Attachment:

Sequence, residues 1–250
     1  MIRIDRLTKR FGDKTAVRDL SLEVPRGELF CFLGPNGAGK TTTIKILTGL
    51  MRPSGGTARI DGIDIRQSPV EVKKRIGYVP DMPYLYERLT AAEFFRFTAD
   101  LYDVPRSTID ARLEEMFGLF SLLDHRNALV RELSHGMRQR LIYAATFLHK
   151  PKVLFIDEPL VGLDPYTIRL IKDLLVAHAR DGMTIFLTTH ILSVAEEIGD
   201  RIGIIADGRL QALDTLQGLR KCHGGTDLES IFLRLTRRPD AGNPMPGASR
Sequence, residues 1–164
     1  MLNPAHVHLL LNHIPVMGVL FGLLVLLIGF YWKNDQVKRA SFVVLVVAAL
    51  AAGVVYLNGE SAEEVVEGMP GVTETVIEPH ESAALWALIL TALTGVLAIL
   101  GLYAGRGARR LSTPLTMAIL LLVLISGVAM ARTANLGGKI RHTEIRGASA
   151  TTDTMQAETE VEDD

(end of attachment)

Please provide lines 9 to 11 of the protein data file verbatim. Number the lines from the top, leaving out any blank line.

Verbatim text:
    51  AAGVVYLNGE SAEEVVEGMP GVTETVIEPH ESAALWALIL TALTGVLAIL
   101  GLYAGRGARR LSTPLTMAIL LLVLISGVAM ARTANLGGKI RHTEIRGASA
   151  TTDTMQAETE VEDD